Discovery about behavior of building block of nature could lead to computer revolution

July 30, 2009

A team of physicists from the Universities of Cambridge and Birmingham have shown that electrons in narrow wires can divide into two new particles called spinons and a holons.

The electron is a fundamental building block of nature and is indivisible in isolation, yet a new experiment has shown that electrons, if crowded into narrow wires, are seen to split apart.

The electron is responsible for carrying electricity in wires and for making magnets. These two properties of magnetism and electric charge are carried by electrons which seem to have no size or shape and are impossible to break apart.

However, what is true about the properties of a single electron does not seem to be the case when electrons are brought together. Instead the like-charged electrons repel each other and need to modify the way they move to avoid getting too close to each other. In ordinary metals this does not usually make much difference to their behaviour. However, if the electrons are put in a very narrow wire the effects are exacerbated as they find it much harder to move past each other.

In 1981, physicist Duncan Haldane conjectured theoretically that under these circumstances and at the lowest temperatures the electrons would always modify the way they behaved so that their magnetism and their charge would separate into two new types of particle called spinons and holons.

The challenge was to confine electrons tightly in a 'quantum wire' and bring this wire close enough to an ordinary metal so that the electrons in that metal could 'jump' by quantum tunneling into the wire. By observing how the rate of jumping varies with an applied magnetic field the experiment reveals how the electron, on entering the quantum wire, has to fall apart into spinons and holons. The conditions to make this work comprised a comb of wires above a flat metal cloud of electrons. The Cambridge physicists, Yodchay Jompol and Chris Ford, clearly saw the distinct signatures of the two new particles as the Birmingham theorists, Tim Silk and Andy Schofield, had predicted.

Dr Chris Ford from the University of Cambridge's Cavendish Laboratory says, 'We had to develop the technology to pass a current between a wire and a sheet only 30 atomic widths apart.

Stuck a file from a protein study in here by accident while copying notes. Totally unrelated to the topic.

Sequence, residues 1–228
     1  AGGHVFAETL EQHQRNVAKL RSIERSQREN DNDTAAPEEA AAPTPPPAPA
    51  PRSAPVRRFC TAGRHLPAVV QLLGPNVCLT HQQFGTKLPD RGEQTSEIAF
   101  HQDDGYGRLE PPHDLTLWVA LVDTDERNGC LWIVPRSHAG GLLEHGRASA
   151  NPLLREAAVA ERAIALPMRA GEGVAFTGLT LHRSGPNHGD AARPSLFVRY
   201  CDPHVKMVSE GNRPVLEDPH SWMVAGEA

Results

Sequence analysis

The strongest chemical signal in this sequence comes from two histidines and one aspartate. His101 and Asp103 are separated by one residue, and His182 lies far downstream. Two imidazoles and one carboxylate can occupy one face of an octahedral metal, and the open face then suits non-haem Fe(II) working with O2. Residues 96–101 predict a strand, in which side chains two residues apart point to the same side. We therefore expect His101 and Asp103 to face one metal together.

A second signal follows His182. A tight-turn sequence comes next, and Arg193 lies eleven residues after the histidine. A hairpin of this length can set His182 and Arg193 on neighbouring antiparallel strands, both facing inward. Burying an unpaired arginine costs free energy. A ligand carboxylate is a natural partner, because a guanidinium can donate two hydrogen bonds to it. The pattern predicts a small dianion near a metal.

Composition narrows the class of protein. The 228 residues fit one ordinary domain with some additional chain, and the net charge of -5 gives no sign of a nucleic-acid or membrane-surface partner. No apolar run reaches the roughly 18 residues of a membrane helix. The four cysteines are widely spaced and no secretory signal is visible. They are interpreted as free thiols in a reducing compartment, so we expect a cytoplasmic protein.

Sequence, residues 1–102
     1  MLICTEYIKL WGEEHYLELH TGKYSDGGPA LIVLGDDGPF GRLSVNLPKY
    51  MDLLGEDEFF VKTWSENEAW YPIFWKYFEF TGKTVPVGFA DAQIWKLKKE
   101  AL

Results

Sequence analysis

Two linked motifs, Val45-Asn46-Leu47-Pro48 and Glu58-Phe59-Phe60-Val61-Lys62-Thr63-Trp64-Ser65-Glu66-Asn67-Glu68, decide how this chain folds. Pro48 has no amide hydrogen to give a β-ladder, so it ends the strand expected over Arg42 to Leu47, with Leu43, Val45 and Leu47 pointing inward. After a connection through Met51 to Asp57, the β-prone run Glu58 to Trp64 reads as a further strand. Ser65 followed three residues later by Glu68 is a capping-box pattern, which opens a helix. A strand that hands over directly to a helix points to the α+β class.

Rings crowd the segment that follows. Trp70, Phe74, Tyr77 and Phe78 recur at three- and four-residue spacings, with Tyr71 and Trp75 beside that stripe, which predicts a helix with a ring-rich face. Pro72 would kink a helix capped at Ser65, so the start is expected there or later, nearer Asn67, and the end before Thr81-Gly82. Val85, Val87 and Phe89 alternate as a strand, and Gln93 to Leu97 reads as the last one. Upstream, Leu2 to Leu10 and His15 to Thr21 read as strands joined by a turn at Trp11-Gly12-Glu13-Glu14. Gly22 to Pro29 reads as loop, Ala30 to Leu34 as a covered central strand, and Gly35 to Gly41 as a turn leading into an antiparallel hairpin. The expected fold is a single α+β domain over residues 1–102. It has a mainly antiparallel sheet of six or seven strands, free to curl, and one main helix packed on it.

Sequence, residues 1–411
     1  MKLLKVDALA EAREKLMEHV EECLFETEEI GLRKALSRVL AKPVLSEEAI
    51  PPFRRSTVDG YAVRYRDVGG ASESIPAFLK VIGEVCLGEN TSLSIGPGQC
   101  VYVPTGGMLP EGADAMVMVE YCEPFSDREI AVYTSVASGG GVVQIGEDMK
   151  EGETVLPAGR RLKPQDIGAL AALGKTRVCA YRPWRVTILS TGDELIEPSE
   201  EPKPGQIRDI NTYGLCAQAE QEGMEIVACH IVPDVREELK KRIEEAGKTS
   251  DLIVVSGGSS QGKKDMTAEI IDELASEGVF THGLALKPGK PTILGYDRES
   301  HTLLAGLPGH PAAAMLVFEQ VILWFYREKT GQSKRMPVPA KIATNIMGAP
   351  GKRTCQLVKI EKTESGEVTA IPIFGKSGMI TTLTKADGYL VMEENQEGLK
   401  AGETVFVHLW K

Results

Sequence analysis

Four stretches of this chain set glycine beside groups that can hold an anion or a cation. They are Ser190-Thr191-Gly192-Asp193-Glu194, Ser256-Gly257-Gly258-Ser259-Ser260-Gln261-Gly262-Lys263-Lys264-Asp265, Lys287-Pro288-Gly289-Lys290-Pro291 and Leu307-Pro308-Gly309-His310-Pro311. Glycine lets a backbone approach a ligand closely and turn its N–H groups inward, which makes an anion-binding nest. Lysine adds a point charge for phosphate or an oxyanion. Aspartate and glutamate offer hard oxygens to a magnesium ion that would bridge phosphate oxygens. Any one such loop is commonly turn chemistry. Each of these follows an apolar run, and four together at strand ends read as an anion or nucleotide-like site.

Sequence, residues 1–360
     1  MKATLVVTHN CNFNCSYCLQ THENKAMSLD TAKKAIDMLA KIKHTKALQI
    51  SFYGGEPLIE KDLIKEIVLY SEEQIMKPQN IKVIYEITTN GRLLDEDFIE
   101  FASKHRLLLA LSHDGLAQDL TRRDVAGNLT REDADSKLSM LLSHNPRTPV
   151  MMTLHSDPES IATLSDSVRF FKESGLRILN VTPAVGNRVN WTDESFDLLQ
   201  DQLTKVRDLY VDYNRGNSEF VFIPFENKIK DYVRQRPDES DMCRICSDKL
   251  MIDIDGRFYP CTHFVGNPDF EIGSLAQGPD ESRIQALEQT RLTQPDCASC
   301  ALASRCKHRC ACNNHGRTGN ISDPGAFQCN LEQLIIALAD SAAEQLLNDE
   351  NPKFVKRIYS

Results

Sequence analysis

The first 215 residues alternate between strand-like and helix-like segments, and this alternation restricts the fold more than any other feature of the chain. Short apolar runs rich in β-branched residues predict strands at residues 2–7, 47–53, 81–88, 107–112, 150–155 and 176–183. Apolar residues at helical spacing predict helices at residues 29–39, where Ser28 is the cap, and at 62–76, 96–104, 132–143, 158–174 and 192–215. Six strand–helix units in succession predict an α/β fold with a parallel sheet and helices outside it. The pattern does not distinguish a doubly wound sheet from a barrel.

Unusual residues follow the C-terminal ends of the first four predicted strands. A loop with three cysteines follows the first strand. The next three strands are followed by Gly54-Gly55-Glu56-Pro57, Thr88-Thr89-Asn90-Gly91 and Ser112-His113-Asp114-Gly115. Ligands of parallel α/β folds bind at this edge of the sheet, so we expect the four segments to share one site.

'The measurements have to be made at extremely low temperatures, about a tenth of a degree above absolute zero.

'Quantum wires are widely used to connect up quantum "dots", which may in the future form the basis of a new type of computer, called a quantum computer. Thus understanding their properties may be important for such quantum technologies, as well as helping to develop more complete theories of superconductivity and conduction in solids in general. This could lead to a new computer revolution.'

Professor Andy Schofield from the University of Birmingham's School of Physics and Astronomy says, 'The experiment to test this is based on an idea I had together with three colleagues almost 10 years ago. At that time the technology required to implement the experiment was still a long way off.

'What is remarkable about this new experiment is not just the clarity of the observation of the spinon and holon, which confirms some earlier studies, but that the spinon and holon are seen well beyond the region that Duncan Haldane originally conjectured.

'Our ability to control the behaviour of a single electron is responsible for the semiconductor revolution which has led to cheaper computers, iPods and more. Whether we will be able to control these new particles as successfully as we have the single electron remains to be seen. What it does reveal is that bringing electrons together can lead to new properties and even new particles.'
-end-
Notes to Editors

1. The paper is published in Science 10.1126/science.1171769 at http://dx.doi.org/10.1126/science.1171769

2. The experiment was performed in Cambridge's Cavendish Laboratory with theoretical support from scientists at the University of Birmingham's School of Physics and Astronomy.

University of Cambridge

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